A painting by a street kid showing vulnerable children is displayed at an exhibition in Peshawar, Pakistan, on January 24, 2023. (AN Photo)

“Just over a year ago, I initiated this journey with underprivileged children, impoverished and left to fend for themselves, sell what they scavenge off the streets or work mornings in other people’s homes. Now I am proud to display their work here in front of you all.”

Paintings by street children are displayed at an exhibition in Peshawar, Pakistan, on January 24, 2023. (AN Photo)

Huma said working with street children was a difficult task because they didn’t have any formal schooling or education in the arts, but the effort they put into their work was refreshing: “We aim to make these children international level artists and want to display their work in an international exhibition in future.”

She said her organization was also teaching them English, computers and music.

A painting by a street child that highlights the significance of education is displayed at an exhibition in Peshawar, Pakistan, on January 24, 2023. (AN Photo)

The majority of the 106 students in RWO are from the tribal Khyber region, adjacent to Peshawar district.

“Painting is an expensive medium and we couldn’t afford a huge number of students at this stage,” Huma said. “However, we have 106 children enrolled so far out of whom the works of 27 children have been displayed in this exhibition.”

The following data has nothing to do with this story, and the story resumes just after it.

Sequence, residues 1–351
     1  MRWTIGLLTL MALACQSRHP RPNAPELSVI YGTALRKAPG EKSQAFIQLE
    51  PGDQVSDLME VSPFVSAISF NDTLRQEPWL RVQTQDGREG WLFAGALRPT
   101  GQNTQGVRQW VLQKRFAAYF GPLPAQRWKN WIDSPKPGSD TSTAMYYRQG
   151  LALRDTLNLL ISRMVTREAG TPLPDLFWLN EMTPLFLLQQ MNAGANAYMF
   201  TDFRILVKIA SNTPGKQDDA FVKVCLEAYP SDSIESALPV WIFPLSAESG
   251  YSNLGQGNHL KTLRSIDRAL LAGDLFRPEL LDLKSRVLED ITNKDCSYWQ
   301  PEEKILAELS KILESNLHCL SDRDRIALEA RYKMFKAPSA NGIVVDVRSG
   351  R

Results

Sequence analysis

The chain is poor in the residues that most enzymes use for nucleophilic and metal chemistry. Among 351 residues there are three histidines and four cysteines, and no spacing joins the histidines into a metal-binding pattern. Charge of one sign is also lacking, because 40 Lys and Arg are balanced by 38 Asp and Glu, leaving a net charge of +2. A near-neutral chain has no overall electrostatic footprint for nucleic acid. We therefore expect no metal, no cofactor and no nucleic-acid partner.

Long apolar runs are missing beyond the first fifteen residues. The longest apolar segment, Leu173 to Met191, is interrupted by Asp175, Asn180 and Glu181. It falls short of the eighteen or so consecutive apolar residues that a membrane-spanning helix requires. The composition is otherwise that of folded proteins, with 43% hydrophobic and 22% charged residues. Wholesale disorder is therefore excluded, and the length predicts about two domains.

Dozens of people attend a painting exhibition by street children in Peshawar, Pakistan, which was made to coincide with International Education Day on January 24, 2023. (AN Photo)

The children Arab News spoke to said they were “happy” to see their work on display and being appreciated by people from different backgrounds.

Abdullah Afridi, originally from Bara village in Khyber, said he had worked in a medicine company as an errand boy before he joined RWO a year ago and started learning how to paint:

“A friend in my neighborhood informed me that there is a place where people like me learn painting, so I visited there. After seeing people like me painting and drawing I got the motivation and left the factory and joined RWO.”

“I feel very happy when I’m painting,” Afridi said. “I was doing other people’s labor for very little pay before, now I do my own work. In the future I want to become a famous artist and portray the grief of people like me, and maybe help them like Madam Huma helped me.”